B.C. premier backtracks on his own Christmas plans, illustrating the confusion over health orders
Public health orders bar all social gatherings with exceptions for those who live alone
Turns out, the most powerful person in British Columbia has just as much trouble figuring out the province's COVID-19 guidelines for Christmas as the rest of us.
"Ellie and I are planning to get together with my son and daughter-in-law," Premier John Horgan, referring to his wife, told News 1130 reporter Liza Yuzda during the traditional round of year-end interviews with media organizations.
"My daughter, I have to confess ... is anxious about that because she doesn't want to break any rules, but I checked it with my buddy and he said it was OK. So that's our plan, the four of us will eat something on Christmas day and that'll be about it."
In this case, Horgan's "buddy" was Health Minister Adrian Dix — but a day later, the premier changed his mind.
"I have to be accountable to myself, my family and the broader community, and the fact that I am a government representative doesn't change that," he said to Yuzda.
But did Horgan's original plan violate a public health order?
Here's what the rules say.
Right now, your 'bubble' is your household
The government has an extensive web page called "provincewide restrictions" that outlines all of its measures to try to prevent transmission of COVID-19, a deadly virus that has killed 1.7 million people around the world, including more than 700 British Columbians.
In the section called "social gatherings," the very first words are "no social gatherings of any size at your residence with anyone other than your household or core bubble," the words intentionally bolded.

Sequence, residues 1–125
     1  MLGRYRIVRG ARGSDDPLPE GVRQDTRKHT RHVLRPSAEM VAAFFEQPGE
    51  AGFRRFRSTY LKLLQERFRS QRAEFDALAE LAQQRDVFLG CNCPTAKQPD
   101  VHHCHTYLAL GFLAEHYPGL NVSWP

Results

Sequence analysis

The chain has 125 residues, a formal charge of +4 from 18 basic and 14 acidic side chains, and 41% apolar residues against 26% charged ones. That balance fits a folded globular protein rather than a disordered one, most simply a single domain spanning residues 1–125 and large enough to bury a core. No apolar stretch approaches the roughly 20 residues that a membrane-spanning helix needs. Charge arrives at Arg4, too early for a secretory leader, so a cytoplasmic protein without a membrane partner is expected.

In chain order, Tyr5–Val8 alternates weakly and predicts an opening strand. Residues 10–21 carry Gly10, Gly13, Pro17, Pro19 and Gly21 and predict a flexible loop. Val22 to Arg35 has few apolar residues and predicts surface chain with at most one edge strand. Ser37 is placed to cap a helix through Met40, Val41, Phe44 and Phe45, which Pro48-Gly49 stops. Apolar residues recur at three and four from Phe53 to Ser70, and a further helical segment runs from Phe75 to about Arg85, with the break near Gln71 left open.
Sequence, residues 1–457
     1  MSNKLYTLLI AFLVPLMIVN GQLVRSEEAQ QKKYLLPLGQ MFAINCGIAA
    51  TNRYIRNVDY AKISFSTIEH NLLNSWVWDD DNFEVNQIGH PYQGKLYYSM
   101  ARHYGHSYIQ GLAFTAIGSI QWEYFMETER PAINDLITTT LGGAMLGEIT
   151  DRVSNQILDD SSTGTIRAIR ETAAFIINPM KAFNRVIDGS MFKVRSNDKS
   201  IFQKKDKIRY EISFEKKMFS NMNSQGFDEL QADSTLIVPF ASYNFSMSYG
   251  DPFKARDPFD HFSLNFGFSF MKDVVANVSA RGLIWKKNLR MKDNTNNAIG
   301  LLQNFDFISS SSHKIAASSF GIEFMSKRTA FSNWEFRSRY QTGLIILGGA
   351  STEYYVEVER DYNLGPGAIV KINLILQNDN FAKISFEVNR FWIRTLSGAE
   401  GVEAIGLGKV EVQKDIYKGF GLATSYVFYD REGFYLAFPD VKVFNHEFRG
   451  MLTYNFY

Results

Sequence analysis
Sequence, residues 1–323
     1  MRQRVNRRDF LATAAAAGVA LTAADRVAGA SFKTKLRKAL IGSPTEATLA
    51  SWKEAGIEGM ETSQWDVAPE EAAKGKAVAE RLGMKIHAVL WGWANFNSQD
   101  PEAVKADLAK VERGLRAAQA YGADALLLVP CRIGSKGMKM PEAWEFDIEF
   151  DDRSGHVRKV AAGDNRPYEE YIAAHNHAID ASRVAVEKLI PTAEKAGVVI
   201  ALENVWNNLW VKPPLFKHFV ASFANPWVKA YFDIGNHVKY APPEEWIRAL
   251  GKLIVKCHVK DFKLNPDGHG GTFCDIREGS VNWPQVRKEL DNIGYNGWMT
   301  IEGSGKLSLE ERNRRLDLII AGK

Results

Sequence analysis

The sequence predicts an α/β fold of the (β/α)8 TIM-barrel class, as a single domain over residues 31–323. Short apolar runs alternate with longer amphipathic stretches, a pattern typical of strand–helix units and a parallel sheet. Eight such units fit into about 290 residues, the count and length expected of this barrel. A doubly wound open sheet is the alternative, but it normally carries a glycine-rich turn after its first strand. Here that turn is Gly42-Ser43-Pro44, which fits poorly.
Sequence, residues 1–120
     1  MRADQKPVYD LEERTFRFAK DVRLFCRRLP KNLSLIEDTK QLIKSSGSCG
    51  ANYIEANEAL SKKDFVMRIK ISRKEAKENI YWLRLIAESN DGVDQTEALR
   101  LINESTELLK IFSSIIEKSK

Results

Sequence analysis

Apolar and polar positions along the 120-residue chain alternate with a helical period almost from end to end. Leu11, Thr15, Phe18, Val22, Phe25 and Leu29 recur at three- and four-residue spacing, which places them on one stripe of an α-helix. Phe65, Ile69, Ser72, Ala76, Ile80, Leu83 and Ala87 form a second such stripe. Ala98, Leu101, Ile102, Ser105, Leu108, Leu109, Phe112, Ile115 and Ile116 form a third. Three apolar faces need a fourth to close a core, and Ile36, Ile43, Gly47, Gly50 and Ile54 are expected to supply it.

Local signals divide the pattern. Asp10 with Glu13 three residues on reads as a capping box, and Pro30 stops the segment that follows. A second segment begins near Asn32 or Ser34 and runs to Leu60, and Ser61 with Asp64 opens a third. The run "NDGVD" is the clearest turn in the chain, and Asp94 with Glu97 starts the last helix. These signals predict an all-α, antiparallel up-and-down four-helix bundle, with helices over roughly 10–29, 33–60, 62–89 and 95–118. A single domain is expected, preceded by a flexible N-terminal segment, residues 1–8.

It goes on to say that "for most people, their core bubble is their immediate household."
The premier's son and his partner are not part of Horgan's immediate household.
People who live alone are allowed to add a partner, relative, friend or co-parent to their bubble to a maximum of two people.
As Horgan lives with his wife, and his son and partner also live together, this does not apply to them.
But did he break a law?
However, if the premier did have his son and daughter-in-law over for Christmas dinner and then let the entire world know about it, there's probably nothing Solicitor General Mike Farnworth or Attorney General David Eby would do about it.
That's because most of B.C.'s public health orders focus on regulating the activities of businesses and organizations rather than private households.
The province has orders around gatherings and events, food and liquor serving premises and mask mandates in indoor public spaces. These cover all sorts of activities, including sports, gyms and recreation facilities, restaurants and bars, and many other places.
The only exception is in the gathering and events health order. It says people can't hold "an event at a private residence," unless it meets certain exceptions, none of which seem to apply to the Horgan household.
So far, that we know of, police in B.C. have only used the order to issue fines for those having larger gatherings. It's conceivable the police could start issuing fines to families that meet for dinner, but it would also be tremendously inefficient, to put it mildly. And it remains to be seen whether the government's interpretation of that being an "event" or "gathering" would hold up in court.
In any event, Horgan says he is no longer inviting over his family. And the words of Health Minister Adrian Dix on Thursday continue to hold.
"When we are debating specific rules, and we're saying, 'Well, can we get to be on this side of the rule or not,' at this crucial time, when we're working to keep those long-term care homes safe, I ask people: 'When in doubt, rule it out,'" he said.
"We cannot litigate, argue with a COVID-19 virus that doesn't want to litigate. It doesn't want to argue. It just wants to transmit."